What are you currently working on in the Chronobiology Group at the University of Murcia?

I am working on the LUMEN project (Light, Melatonin and Aging), funded by a research grant from the ONCE Foundation and from the European Regional Development Fund (ERDF). Its main objectives are, on the one hand, to measure the impact of different light/dark schedules on how the circadian system works, by analysing activity/rest rhythms, melatonin production, the sleep pattern and the expression of clock genes in animal models. On the other hand, we are looking for associations between chronodisruption and age-associated diseases by analysing the oxidative status, the lipid composition of cell membranes (especially mitochondria) and the damage caused to mitochondrial DNA throughout the life cycle of animal models.

The LUMEN project is part of a larger project: “Circadian Healthy Ageing”, which is part of the Carlos III Health Institute’s  CIBERFES, the Fragility and Healthy Aging division of the Biomedical Research Network Center.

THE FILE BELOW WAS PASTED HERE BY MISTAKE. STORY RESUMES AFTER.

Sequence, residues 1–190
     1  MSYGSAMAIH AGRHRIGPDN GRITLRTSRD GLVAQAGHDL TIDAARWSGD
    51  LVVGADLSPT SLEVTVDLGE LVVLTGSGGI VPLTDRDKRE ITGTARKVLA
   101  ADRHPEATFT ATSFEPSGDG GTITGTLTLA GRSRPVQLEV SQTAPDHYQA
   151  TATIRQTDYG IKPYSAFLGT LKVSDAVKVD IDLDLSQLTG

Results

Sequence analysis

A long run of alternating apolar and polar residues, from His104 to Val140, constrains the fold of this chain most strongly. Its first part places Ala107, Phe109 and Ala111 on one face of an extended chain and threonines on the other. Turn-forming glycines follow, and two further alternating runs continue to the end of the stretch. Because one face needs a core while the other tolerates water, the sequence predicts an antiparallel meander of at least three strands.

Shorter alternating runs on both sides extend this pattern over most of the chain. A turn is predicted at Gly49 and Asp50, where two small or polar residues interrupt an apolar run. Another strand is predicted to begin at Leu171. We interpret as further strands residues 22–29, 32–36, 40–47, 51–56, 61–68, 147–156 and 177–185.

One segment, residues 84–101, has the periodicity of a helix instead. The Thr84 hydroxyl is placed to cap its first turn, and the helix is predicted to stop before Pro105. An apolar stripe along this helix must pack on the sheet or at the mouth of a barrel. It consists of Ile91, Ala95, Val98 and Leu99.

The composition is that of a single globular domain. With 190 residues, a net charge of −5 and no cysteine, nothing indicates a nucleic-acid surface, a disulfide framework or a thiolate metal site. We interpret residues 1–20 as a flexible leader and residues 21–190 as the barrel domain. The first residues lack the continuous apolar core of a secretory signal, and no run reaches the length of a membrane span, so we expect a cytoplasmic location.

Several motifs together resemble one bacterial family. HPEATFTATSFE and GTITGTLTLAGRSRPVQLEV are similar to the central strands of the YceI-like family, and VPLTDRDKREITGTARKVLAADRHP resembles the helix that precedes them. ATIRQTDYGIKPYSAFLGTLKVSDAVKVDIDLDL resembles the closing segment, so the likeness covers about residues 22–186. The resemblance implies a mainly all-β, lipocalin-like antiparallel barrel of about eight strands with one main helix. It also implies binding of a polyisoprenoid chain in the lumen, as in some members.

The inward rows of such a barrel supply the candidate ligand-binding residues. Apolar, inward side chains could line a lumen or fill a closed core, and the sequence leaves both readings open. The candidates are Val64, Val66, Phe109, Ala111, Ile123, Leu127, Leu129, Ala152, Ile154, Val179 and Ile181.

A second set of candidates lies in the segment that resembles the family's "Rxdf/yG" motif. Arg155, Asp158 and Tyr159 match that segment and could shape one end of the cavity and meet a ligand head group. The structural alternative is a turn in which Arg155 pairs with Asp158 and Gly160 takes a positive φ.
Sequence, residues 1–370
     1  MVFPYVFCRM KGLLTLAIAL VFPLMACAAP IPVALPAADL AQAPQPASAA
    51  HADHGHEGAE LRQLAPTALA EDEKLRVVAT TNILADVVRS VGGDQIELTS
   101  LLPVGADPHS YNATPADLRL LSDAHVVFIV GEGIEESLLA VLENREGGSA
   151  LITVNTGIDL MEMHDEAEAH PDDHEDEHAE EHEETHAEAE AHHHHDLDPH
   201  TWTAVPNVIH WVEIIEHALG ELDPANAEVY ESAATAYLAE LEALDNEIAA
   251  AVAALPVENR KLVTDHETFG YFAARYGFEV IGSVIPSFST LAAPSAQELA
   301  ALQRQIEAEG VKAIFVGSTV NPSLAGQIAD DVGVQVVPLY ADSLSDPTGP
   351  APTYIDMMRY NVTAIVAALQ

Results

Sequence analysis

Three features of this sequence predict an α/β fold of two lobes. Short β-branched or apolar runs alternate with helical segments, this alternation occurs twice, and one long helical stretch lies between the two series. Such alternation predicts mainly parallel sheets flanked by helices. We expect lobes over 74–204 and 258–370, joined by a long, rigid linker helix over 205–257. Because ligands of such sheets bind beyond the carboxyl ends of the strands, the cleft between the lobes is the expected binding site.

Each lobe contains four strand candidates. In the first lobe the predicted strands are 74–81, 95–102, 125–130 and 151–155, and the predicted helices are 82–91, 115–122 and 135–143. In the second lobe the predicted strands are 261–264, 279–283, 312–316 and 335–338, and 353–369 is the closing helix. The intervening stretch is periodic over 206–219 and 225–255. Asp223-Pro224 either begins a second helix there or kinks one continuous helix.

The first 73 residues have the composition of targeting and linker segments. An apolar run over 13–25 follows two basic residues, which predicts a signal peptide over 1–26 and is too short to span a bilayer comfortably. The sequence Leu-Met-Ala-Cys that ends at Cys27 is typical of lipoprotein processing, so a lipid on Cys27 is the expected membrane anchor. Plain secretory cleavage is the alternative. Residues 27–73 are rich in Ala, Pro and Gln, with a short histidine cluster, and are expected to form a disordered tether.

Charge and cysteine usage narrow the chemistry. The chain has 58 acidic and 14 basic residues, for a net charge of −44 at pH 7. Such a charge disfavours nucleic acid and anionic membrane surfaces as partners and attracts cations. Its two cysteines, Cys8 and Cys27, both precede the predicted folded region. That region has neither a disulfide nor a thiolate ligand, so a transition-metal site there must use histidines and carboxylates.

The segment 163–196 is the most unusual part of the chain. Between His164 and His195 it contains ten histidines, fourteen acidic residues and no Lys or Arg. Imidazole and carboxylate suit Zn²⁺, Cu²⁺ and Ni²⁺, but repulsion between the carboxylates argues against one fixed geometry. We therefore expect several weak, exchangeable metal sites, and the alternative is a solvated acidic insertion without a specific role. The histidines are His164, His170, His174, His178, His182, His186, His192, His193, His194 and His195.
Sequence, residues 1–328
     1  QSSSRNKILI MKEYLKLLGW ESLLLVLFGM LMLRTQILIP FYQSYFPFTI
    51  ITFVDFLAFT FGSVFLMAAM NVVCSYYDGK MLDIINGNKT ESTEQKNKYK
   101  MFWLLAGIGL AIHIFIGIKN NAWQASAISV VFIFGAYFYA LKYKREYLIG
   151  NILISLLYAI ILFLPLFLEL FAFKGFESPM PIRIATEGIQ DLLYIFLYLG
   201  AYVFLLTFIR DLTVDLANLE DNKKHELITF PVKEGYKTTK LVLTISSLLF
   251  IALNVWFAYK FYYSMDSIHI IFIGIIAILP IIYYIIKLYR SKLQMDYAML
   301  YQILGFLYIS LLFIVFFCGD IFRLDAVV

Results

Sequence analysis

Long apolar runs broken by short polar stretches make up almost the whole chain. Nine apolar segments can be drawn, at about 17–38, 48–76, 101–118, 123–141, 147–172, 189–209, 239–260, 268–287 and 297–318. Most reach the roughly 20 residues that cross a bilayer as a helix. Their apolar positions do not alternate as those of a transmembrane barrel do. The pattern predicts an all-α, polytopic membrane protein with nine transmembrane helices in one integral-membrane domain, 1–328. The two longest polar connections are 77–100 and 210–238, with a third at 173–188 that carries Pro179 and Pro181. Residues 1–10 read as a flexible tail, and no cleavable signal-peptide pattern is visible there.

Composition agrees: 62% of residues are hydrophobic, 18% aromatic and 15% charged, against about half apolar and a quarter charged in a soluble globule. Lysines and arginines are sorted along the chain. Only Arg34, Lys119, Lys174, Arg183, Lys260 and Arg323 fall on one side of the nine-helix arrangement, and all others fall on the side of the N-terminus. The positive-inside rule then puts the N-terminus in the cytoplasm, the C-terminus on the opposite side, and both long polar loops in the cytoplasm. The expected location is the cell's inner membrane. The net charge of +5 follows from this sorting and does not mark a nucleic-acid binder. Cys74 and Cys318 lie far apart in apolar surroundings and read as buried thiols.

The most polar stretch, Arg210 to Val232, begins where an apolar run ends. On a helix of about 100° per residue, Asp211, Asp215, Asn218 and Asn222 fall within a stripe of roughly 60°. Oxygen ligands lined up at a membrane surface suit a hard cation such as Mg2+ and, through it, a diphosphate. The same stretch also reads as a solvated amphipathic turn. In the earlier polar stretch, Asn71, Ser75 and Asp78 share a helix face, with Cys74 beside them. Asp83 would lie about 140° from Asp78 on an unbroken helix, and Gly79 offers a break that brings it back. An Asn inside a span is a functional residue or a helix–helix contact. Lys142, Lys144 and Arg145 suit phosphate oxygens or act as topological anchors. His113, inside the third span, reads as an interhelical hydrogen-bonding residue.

Why did you decide to participate in the Longevity World Forum and what do you think a congress like this brings to the scientific community and society?

It is an honour for me to be able to attend this prestigious forum dedicated to longevity and quality of life, and to present the work that our research group has been carrying out. These congresses are vital to scientific advancement. They bring together expert researchers from different areas of knowledge, whose efforts are focused on the study of ageing. This is especially important in an area such as aging, which requires interdisciplinary approaches. These meetings encourage the establishment of networks and new lines of action to advance scientific knowledge and improve the quality of life of the population.